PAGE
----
The same would appear to be true for a Titans team that has not particularly proven anything, yet. Its only win came against the overwhelmed Buccaneers on Opening Day, and the Titans arguably have more question marks on their scorecard than Buffalo.
The difference between the two teams is that Buffalo’s 2-1 start looked impressive, possibly leading to a false sense of security. The Titans are a young team trying to develop rookie quarterback Marcus Mariota, and nearly anything is possible. Most notably, the Bills consist of veterans at the most important positions, and the history of the players must be weighted higher than the recent performances. Quarterback Tyrod Taylor spent four years as a backup for a reason, and his early-season success was bound to end.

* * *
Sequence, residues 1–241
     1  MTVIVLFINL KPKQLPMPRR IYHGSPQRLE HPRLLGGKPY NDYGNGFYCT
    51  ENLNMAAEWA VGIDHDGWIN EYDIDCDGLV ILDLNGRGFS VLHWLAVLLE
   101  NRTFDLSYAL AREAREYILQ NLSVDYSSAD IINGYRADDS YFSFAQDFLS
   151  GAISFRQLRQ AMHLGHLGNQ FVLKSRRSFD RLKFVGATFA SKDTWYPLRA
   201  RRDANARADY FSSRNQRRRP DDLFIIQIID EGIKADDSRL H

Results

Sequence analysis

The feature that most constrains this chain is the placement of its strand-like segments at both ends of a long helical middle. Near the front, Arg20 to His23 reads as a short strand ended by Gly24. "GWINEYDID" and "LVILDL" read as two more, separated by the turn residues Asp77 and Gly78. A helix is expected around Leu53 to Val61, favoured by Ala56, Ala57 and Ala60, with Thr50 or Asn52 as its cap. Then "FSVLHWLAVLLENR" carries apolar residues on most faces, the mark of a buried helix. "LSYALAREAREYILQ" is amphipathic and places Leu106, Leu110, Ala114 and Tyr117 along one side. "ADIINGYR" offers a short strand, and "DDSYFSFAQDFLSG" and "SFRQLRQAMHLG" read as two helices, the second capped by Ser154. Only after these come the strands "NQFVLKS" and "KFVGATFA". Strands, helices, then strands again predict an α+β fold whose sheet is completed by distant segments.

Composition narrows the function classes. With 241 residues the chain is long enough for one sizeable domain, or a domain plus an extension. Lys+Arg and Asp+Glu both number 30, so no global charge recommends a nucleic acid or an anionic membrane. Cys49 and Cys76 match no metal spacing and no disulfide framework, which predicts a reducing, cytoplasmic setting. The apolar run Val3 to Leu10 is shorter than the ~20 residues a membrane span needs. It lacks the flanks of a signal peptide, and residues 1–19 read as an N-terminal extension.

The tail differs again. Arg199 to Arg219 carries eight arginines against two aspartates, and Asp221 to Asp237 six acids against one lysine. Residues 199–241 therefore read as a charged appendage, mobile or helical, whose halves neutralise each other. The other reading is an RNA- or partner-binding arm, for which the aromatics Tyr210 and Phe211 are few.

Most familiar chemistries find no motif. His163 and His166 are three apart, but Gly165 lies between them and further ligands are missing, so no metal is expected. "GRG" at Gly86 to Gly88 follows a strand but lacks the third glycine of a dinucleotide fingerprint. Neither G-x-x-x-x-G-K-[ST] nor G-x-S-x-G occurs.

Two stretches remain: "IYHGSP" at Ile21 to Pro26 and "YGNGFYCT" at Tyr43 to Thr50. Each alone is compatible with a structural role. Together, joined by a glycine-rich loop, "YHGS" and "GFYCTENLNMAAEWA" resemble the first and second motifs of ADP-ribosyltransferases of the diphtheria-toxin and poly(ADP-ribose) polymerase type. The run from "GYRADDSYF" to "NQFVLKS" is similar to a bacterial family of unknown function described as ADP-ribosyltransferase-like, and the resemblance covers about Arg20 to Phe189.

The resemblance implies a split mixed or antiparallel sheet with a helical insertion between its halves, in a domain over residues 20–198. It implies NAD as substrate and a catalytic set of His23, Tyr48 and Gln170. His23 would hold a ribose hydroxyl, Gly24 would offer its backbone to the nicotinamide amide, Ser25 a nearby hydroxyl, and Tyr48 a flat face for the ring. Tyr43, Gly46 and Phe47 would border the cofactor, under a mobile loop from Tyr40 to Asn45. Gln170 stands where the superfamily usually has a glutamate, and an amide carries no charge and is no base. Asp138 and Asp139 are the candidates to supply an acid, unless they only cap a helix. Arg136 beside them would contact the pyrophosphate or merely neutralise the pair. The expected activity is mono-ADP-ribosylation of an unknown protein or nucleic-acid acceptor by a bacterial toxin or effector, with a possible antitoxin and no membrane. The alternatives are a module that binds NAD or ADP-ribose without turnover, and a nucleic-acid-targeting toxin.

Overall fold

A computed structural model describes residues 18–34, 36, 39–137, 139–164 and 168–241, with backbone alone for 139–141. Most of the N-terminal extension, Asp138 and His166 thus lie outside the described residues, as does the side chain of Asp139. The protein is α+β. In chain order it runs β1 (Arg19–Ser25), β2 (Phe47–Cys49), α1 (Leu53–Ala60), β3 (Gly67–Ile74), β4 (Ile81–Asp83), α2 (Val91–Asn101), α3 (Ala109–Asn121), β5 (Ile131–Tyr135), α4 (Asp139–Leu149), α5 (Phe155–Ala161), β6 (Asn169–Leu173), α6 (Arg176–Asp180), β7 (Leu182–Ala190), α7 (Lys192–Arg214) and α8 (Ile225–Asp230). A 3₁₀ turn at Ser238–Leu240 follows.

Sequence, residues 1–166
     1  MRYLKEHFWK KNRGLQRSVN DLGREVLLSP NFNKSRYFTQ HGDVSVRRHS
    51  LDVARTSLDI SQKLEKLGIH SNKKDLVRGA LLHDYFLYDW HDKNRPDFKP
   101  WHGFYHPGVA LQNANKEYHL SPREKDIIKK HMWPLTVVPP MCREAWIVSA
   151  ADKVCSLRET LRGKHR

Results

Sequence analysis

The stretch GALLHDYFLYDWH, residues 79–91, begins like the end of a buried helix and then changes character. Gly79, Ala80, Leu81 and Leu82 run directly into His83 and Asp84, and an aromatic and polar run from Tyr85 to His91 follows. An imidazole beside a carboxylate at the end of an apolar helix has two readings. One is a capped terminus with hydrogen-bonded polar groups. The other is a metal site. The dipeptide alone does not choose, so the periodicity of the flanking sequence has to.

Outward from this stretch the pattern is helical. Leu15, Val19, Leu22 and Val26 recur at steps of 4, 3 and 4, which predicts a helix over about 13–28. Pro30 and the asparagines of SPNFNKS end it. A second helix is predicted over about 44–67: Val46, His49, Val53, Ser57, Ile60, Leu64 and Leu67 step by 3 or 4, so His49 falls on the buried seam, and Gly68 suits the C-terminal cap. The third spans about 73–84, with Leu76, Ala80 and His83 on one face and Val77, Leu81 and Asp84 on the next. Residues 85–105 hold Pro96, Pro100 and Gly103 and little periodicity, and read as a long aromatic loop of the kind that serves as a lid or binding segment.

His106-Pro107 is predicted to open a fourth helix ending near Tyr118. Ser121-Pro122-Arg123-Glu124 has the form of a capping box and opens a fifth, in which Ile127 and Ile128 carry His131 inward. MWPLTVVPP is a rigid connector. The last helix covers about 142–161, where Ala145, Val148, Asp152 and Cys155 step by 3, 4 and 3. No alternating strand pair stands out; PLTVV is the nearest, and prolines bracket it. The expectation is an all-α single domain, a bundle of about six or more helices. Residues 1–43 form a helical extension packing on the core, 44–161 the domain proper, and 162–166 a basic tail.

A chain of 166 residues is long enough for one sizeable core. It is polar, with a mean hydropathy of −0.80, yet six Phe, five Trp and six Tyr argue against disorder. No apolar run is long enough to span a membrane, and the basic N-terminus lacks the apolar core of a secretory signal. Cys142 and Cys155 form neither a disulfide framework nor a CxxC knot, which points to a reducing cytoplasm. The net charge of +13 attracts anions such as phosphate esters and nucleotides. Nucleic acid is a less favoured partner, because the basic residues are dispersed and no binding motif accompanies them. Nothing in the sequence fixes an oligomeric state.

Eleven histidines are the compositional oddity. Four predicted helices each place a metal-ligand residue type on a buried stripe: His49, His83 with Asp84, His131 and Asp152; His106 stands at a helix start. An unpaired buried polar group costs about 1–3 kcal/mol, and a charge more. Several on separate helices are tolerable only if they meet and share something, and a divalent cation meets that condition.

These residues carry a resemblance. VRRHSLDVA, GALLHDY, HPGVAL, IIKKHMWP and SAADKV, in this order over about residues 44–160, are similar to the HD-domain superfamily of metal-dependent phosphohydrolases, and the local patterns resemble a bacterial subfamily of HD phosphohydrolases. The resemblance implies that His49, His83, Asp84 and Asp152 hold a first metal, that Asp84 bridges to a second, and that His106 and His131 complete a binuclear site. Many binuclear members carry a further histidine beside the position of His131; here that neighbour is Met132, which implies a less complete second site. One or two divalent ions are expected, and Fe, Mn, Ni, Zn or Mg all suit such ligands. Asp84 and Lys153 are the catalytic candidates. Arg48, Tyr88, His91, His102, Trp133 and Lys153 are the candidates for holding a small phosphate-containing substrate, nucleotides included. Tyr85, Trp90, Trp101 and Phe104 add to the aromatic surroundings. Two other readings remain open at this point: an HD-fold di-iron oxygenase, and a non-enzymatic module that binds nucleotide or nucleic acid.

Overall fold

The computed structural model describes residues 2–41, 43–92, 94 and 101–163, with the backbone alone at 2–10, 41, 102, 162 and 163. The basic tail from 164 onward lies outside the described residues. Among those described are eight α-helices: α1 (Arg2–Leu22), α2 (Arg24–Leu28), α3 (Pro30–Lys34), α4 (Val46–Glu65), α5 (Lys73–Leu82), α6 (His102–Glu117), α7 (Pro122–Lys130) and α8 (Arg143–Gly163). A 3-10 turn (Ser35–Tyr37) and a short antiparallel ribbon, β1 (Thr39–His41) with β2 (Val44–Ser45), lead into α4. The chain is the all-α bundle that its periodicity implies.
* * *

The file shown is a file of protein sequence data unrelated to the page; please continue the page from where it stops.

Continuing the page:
The Titans will be coming off a bye week when they host the Bills on Sunday. The extra preparation should do wonders when facing a team that may not be as good as it has played. Tennessee wins by a field goal and beats the spread.
New Orleans Saints at Philadelphia Eagles (-4.5)*
Considering the amount of changes the Philadelphia Eagles underwent prior to the 2015 season, the team is still relatively unknown. Should they have a dangerous offense? Yes. Should they win games by tiring out defenses? Yes. Are they still a complete risk? Of course. The Eagles are 1-3.
The New Orleans Saints are a known entity. The offense features one of the top quarterbacks of his era in Drew Brees, and head coach Sean Payton is widely regarded as one of the best in the game. The Saints have consistently been a winning organization under the guidance of Brees and Payton.
Unfortunately for New Orleans, the ‘winning Saints’ are now a thing of the past.